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Dayhoff: Westminster has long history of meeting citizen demands for green space, parks and recreation | COMMENTARY

Whether you are running, biking, or hiking, the Wakefield Valley Community Trail is a great place to enjoy fall in Carroll County. On Nov. 7, the Westminster Road Runners Club will sponsor the annual Terry Burk-Sam Case 5K on the Wakefield Valley Trail — better known to older local runners as the Terry Burk Trail.

I have always preferred running on trails and linear parks as opposed to running along the roads. I feel nervous running anywhere with vehicles weighing several tons whizzing and growling by me at 50 mph. In recent years, it only takes a moment of distraction provided by a cell phone or texting behind the wheel and you are flirting with disaster.

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This year marks the 25th anniversary of the tragic death of Terry Burk, a popular runner and the second generation owner of a family candy store, the Treat Shop, in Westminster which was located across the street from the Carroll movie theater for many years.

On Aug. 10, 1995, Burk and fellow jogger David W. Herlocker, were struck by a car while jogging with several Westminster Road Runner Club friends on Md. 97 at Kalten Road. Burk was killed. He was only 48 years old. According to media reports, “Police said the 19-year-old man who was driving the car apparently fell asleep while coming home from work.”

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The other namesake of the annual Wakefield Valley running event, the late Sam Case, “served McDaniel College as professor, coach, and provost and his memory is near and dear to the hearts of many faculty and staff colleagues” said fellow road runner, McDaniel professor Skip Fennell in an email interview in 2015.

The fall harvest season, the leaves changing colors, and running and hiking have always been an end of summer writing favorite of mine, and portions of this discussion have been published before.

Debate and discussion over Westminster’s role in providing citizens with parks and recreation opportunities has seen its ebbs and flows since the 1870s. About 100 years ago, on Apr. 7, 1922, the Democratic Advocate lamented about “Westminster and the Recreation Problem” in an editorial.

Fast forward to today and the area to the southwest of Westminster, Wakefield Valley, has been in the news for a number of reasons involving recreation and green space. The pace began to quicken for a countywide greenways-linear park hiking, biking and running trail system in 1992. Planning began for the Wakefield trail in 1994, a year before Burk was killed. The trail was dedicated and developed, in part, as a legacy to Burk.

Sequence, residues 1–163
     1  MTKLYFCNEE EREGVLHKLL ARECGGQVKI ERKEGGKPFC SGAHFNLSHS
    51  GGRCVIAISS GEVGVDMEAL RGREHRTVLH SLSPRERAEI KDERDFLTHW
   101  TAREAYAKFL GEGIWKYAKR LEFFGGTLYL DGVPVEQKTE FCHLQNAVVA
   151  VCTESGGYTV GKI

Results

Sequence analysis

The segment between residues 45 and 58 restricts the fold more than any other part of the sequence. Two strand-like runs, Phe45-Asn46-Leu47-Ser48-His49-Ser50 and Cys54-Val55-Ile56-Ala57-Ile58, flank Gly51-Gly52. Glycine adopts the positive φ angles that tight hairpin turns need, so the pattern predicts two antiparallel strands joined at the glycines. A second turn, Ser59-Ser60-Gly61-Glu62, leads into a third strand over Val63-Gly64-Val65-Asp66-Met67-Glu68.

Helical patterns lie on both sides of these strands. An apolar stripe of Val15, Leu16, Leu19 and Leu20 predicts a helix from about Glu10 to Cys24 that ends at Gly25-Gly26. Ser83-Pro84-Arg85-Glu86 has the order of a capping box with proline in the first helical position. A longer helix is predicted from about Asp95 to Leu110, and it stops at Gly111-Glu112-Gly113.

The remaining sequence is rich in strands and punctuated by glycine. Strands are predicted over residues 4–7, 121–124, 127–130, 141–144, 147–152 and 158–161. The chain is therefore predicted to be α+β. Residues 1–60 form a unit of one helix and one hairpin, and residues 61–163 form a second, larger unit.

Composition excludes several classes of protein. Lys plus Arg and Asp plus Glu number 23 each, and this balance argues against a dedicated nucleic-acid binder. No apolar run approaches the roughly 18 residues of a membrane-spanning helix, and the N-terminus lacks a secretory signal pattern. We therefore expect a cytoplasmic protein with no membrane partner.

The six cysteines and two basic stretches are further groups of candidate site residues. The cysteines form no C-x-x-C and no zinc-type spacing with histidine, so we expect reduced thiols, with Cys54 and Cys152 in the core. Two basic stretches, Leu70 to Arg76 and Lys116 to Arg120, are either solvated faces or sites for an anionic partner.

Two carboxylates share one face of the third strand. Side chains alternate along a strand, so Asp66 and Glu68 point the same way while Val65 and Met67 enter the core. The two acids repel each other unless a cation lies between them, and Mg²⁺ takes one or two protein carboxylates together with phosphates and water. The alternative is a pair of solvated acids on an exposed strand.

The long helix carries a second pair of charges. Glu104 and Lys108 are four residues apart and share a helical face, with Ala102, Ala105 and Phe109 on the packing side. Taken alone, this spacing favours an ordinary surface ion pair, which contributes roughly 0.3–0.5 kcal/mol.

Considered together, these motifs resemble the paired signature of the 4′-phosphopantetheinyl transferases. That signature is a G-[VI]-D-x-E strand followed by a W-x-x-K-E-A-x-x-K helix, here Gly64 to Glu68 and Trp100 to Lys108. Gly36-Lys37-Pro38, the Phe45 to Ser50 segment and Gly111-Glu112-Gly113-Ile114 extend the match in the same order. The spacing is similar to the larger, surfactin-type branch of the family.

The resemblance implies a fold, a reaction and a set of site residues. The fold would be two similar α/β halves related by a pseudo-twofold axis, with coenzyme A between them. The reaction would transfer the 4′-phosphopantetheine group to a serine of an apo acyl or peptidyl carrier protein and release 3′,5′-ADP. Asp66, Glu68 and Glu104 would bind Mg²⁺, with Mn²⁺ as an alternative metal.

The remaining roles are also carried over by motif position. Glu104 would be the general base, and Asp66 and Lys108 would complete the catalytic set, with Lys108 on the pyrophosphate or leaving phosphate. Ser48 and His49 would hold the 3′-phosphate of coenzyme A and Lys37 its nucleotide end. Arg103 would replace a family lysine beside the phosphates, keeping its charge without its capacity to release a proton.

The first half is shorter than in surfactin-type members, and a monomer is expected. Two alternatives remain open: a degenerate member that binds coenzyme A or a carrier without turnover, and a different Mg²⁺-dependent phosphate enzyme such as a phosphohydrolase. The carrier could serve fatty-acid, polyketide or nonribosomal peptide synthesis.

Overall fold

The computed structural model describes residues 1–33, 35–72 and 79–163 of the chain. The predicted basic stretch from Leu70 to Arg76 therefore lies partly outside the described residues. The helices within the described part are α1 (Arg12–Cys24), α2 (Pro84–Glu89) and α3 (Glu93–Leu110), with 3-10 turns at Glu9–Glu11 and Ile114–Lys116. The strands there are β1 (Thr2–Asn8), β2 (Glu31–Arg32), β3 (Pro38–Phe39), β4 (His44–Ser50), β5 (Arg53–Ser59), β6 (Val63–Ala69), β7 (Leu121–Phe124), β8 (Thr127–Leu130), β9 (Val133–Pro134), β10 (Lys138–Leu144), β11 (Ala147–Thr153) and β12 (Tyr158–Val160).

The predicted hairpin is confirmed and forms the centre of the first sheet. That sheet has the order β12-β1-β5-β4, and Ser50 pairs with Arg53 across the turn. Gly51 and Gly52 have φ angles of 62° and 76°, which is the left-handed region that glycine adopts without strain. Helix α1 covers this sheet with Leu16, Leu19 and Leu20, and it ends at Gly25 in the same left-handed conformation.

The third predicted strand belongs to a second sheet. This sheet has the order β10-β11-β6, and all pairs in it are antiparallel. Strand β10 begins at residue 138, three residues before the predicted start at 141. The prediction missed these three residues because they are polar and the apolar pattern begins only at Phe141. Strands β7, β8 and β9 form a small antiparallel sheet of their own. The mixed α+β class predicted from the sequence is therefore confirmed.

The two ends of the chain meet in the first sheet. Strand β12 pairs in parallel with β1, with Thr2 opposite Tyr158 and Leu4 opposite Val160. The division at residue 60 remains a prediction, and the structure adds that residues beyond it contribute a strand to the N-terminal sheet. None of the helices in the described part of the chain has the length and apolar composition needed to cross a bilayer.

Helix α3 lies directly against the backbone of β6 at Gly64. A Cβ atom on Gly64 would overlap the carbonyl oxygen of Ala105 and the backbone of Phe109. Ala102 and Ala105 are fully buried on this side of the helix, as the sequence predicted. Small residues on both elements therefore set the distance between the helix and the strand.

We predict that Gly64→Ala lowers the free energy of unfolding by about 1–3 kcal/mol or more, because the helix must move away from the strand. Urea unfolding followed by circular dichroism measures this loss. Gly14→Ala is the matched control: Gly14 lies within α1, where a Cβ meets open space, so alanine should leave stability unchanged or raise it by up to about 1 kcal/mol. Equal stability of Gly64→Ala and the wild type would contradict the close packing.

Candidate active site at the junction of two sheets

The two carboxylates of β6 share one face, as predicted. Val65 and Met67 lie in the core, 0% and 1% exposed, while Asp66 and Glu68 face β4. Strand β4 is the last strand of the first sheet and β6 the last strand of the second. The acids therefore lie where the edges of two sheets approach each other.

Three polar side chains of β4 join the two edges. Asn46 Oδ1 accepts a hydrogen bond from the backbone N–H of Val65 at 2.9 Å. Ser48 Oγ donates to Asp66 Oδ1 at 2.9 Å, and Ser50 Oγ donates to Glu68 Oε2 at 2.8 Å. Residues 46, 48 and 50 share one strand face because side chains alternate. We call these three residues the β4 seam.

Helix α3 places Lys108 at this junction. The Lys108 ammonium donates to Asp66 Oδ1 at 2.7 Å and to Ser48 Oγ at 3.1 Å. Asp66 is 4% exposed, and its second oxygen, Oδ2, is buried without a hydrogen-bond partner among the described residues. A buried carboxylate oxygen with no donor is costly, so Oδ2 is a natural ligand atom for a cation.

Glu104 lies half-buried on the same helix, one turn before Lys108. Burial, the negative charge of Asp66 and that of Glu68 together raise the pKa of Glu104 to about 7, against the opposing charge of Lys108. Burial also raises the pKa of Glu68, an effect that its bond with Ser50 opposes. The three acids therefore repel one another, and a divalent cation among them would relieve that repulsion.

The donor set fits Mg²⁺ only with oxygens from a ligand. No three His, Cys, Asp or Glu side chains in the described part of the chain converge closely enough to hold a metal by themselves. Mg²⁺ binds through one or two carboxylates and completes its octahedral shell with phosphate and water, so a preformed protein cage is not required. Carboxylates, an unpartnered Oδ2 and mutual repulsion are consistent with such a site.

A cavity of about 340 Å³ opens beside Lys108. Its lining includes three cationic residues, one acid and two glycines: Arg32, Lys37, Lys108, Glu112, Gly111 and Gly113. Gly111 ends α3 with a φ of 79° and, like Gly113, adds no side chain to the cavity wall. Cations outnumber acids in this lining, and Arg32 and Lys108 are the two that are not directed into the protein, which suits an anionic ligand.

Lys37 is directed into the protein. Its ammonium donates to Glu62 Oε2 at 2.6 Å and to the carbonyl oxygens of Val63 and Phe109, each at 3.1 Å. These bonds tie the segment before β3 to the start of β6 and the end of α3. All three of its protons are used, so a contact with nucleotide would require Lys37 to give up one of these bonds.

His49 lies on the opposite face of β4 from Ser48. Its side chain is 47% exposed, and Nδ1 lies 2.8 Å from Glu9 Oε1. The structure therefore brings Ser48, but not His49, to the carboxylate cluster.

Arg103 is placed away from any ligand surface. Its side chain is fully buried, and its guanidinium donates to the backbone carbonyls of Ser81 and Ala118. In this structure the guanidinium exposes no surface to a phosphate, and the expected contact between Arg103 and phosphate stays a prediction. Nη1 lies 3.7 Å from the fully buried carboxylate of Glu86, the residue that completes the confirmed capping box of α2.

Meanwhile, according to information from the Westminster Recreation and Parks website, the trail features a 2.1-plus mile paved walking trail from Long Valley Road to West Main Street. This scenic trail meanders through the pristine Carroll County countryside offering the chance to view abundant wildlife and scenic overlooks right inside the city. There is parking at Tahoma Farm Boulder Park. The parking lot has 22 spots and two handicap spots.

On Sept. 22, 2015 the Westminster Community Pond reopened with a one-half mile walking loop around the pond. Many in the running-hiking greenways community see it a critical link in a Westminster walking “beltway.”

On Oct. 19, 2015 the city began advertisements for contractors to bid on the construction of the much anticipated extension of the Wakefield Valley Trail from Uniontown Rd. north to West Main St. In an email interview in 2015, Abby Gruber, the director of recreation and parks for Westminster, said, “This takes us one step closer to creating a safe pedestrian route around the city that links multiple parks together. Trails make communities more livable…”

On July 25, 2015, it was reported in the City of Westminster newsletter that walking and running trails have been opened by the city on the old Wakefield Valley Golf Course, adjacent to the Wakefield Valley Trail. It is the hope of many that the Wakefield Valley linear park will be linked with the old golf course property and remain a legacy open space in Westminster as the community continues to grow.

The golf course was opened in the 1970s. After the golf course closed due to financial difficulties in 2013, the facilities quickly fell into disrepair. In a Sun article on June 5, 2014, then-Westminster Mayor Kevin Utz said, “This is the largest parcel of open green space remaining in the city of Westminster, and we are delighted that we will be able to preserve it and plan its future…”

In June of 2014, it was announced that a developer had purchased the 160 acre Wakefield Valley Golf Course. He donated much of the property, the historic Durbin House, the clubhouse, and conference facility to the city of Westminster.

The Burk-Case 5K begins at 9 a.m. on Nov. 7. This will be the first Westminster Road Runners Club non-virtual race in more than 6 months. Social distancing and masks are required (when not running.) This race does require an online only sign-up and is limited to only 125 participants or will close on Nov. 3, whichever comes first. For much more information go to the Westminster Road Runners' website at www.wrrclub.com. To sign up online for the race go to runsignup.com/Race/MD/Westminster/TerryBurkSamCase5K.

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